When they meet on Tuesday, Oct. 6, members of the Swansboro Planning Board will consider a request to allow food trucks in Swansboro. For the third time.

Currently, food trucks are only allowed under special conditions. (See related article.) Elizabeth Shepard, owner of the food truck Urban Street Eats, is asking for the rules to be relaxed.

On the other side of the issue is Randy Swanson, the owner of the food truck Little John’s, as well as the Boro Restaurant and Icehouse Waterfront Restaurant, which was badly damaged during Hurricane Florence and is in the process of being rebuilt.

Twice this year the planning board has considered the request to allow food trucks and both times the board, which acts in an advisory capacity to the town commissioners, has voted to recommend the request be denied.

Shepard is asking that food truck vendors be added to the UDO’s list of permitted uses. She first spoke to the Swansboro Planning Board at its May meeting.

At that time, Shepard pointed out that pushcarts and ice cream trucks are allowed in town and she suggested food trucks should be considered as well.

Questioned by the planning board members, Shepard said a food truck offers fare at various locations, but only by invitation.

Reluctant give up on allowing food trucks as a permitted use, Swansboro commissioners suggested setting certain limits and making changes in the fee schedule. Specifically:

• Remove the allowance for food vendors in the B-2HDO zoning district.

• Require a time limit for vendors to include a maximum duration per site and total allowance per year.

• Increase the fees proposed.

Jennifer Ansell, town planner, has suggested the trucks be allowed in any one location for up to three consecutive days, with a minimum of seven business days in between the same location and be allowed a total of 100 days in a calendar year.

She suggested the cost of an annual permit be $400.

These suggestions went back to the planning board, to no avail. The planners again voted to recommend denial.

In its deliberations, the planning board has cited two primary reasons for recommending denial. One is the planners believe the food trucks would have an unfair advantage over the town’s “brick-and-mortar” restaurants. The other reason is that they don’t believe food trucks fit within the town’s future development plans.

In comments to the board at different times, Swanson – who has insisted that he is a supporter of allowing food trucks to operate when and where allowed, but with forethought – has said the high concentration of restaurants in Swansboro make it unique, and not as suitable a site for food trucks as a permitted use, particularly when compared to nearby communities such as Hubert and Cedar Point where food trucks could flourish because there is a lack of eateries.

Swanson also agrees with the planning board when it comes to the town’s goals in planning.

“There are so many people that were asked to be on committees over the past 15 years that researched and devoted their time on the planning, the branding and future look of Swansboro beginning from the west-end corridor to the bridges,” he said in an email. “Outside experts were even brought in to assist some of the committees. The previous elected officials and the citizens have an incredible amount of time vested and invested in long-term planning and what the town should look like in the best interest of the future and even 20-year growth expectations.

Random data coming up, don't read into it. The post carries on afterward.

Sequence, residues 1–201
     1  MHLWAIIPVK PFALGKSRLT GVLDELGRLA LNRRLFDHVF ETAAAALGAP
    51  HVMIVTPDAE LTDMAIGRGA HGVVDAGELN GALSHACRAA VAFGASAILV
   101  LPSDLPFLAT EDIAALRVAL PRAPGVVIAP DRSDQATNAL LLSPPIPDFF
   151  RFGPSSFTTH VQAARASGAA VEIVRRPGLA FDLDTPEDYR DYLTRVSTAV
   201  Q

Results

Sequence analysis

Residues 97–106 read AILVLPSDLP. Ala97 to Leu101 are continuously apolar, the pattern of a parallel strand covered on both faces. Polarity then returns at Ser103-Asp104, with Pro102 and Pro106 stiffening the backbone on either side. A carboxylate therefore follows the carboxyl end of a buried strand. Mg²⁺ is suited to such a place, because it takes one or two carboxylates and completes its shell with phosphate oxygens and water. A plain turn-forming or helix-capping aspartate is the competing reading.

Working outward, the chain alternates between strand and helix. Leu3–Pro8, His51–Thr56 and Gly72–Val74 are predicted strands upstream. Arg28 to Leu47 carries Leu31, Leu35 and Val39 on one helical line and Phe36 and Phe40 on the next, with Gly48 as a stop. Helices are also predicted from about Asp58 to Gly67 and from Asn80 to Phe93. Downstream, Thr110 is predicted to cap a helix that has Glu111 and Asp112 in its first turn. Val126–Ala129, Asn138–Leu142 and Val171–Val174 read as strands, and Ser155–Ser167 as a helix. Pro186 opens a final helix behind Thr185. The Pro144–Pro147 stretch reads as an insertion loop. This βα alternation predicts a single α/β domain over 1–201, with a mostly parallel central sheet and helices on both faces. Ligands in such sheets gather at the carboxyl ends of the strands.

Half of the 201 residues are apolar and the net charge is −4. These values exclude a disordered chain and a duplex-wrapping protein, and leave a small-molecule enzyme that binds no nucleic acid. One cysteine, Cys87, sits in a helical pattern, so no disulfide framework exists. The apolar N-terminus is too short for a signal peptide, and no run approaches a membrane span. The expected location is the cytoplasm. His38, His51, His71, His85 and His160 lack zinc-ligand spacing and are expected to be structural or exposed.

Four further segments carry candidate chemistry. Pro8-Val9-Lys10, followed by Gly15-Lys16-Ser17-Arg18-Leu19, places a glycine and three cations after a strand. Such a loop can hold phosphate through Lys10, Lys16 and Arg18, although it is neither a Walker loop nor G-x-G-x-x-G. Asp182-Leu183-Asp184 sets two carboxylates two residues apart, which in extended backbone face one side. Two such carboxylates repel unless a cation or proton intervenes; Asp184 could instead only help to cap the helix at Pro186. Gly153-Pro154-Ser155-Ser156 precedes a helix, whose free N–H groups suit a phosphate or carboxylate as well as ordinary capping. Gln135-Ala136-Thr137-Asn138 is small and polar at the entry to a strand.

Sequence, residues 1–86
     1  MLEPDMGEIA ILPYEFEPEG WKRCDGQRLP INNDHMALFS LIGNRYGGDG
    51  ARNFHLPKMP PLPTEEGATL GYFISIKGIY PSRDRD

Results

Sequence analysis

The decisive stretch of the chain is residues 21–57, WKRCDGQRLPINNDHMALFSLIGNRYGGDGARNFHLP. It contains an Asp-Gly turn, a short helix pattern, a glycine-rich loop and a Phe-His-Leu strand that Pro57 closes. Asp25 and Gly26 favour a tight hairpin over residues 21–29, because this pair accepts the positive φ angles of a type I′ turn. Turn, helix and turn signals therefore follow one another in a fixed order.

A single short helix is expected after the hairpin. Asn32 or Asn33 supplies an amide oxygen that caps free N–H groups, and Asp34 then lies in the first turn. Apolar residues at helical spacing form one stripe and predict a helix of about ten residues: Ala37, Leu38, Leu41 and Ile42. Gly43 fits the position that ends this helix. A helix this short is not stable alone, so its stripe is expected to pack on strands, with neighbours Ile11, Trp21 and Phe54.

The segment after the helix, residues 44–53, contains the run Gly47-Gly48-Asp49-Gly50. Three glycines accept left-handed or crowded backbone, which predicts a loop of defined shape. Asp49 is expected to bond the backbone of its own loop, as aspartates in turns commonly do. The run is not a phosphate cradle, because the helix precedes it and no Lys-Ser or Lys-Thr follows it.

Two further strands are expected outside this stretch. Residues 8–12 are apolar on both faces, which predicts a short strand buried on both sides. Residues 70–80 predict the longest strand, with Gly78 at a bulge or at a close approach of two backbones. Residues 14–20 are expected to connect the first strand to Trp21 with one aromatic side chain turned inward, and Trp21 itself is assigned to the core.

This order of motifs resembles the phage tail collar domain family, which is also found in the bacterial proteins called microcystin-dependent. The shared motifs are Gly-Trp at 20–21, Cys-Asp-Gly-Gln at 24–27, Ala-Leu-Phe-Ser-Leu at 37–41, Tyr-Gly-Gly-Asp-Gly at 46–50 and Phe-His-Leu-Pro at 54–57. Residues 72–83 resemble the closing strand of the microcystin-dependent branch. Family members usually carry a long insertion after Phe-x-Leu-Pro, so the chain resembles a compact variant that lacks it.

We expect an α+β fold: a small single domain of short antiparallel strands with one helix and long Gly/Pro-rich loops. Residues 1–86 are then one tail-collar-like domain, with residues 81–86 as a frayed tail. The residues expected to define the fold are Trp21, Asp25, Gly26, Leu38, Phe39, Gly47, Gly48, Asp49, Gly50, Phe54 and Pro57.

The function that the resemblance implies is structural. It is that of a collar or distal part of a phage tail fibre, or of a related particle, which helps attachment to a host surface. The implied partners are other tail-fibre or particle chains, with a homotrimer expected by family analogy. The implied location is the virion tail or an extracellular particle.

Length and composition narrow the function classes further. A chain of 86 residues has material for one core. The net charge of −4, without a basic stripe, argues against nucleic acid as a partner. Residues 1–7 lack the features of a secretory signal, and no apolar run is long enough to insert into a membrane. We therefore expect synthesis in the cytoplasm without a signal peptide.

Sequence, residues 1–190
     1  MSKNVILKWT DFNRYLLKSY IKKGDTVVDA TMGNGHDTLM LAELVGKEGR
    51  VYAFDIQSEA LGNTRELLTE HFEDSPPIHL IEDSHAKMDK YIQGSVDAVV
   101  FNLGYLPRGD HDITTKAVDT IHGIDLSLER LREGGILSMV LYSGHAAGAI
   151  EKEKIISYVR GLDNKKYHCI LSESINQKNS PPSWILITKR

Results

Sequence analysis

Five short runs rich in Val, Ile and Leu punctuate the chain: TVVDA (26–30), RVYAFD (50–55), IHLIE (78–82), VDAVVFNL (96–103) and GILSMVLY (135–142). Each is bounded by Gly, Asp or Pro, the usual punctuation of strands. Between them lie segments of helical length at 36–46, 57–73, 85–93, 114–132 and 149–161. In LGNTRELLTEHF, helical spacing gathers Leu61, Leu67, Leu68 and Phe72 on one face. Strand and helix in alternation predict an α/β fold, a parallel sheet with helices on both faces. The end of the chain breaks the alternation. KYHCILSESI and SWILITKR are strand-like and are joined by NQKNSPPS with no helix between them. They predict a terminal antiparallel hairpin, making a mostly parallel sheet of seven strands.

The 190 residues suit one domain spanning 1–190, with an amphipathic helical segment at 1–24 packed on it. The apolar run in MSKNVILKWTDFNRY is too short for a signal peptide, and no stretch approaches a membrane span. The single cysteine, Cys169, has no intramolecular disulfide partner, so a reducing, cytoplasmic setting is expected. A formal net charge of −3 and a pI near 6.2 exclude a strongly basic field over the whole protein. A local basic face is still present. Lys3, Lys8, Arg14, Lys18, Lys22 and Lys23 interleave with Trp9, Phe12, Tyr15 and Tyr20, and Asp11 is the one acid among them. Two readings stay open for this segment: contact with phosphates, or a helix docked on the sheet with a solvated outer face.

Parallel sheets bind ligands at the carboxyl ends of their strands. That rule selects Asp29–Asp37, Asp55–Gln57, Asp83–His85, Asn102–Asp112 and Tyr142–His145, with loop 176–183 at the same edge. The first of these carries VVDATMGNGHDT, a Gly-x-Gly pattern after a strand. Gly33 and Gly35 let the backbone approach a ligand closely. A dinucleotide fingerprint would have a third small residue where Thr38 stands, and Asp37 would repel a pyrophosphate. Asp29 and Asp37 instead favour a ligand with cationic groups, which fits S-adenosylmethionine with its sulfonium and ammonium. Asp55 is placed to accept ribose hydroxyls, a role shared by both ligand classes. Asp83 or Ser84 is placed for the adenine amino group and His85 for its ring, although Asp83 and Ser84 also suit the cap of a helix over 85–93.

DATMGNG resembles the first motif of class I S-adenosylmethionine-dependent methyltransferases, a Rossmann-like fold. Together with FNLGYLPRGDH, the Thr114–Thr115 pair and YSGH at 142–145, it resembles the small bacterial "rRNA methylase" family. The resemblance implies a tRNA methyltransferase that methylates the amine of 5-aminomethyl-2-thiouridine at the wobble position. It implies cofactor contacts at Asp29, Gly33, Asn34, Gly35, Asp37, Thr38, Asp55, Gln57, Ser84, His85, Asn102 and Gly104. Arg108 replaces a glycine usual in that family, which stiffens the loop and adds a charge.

“Sometimes new elected officials, to no fault of their own, are unaware of the visionary work these previous commissions provided.”

Allowing food trucks, without forethought that first prioritizes future community continuity, according to Swanson, is “short-sighted … and about instant gratification and not longevity of this town and community.”

Swanson said he would support a food truck rally on the first Friday of the month, for example. “Festivals, also great, but to allow food trucks anyplace, anytime, anywhere, ‘for a fee or not’, I say ‘No.’ No fee charged would justify it, frankly, if a food truck is reputable and a mile away … would you drive the mile? Surely you would, Cedar Point and Hubert are not but a mile, I am convinced food trucks would be an asset and could be a component of growth in those communities. As a food truck owner, I feel they will not add quality to Swansboro in the approach that was presented.”

At its meeting on Sept. 9, which had been postponed from Sept. 7 because of the Labor Day holiday, the panel elected a new chairman, replacing Ralph Kohlmann, who resigned following the August meeting.

Scott Chadwick was elected.

Also on Sept. 9, the board members voted unanimously to change the regular meeting day from the first Monday of the month to the first Tuesday of the month.

The change came at Chadwick’s suggestion.

Email Jimmy Williams at jimmy@tidelandnews.com.

For more on this story purchase a copy of the Sept. 30, 2020, Tideland News

(3) comments

David Collins

Food trucks would just take up precious parking spaces and add to the litter issue . Ever been around one and observe what happens to the cups , cans and wrappers ? People can be pigs at times and many a discarded cup , can or wrapper ends up under a vehicle only to be revealed upon departure .


On a positive side, seagulls love food trucks ,just like they like El's drive-in, Morehead.

Love El's, but gulls are nasty, loud and can be aggressive.

Just say NO.


3 times a charm?

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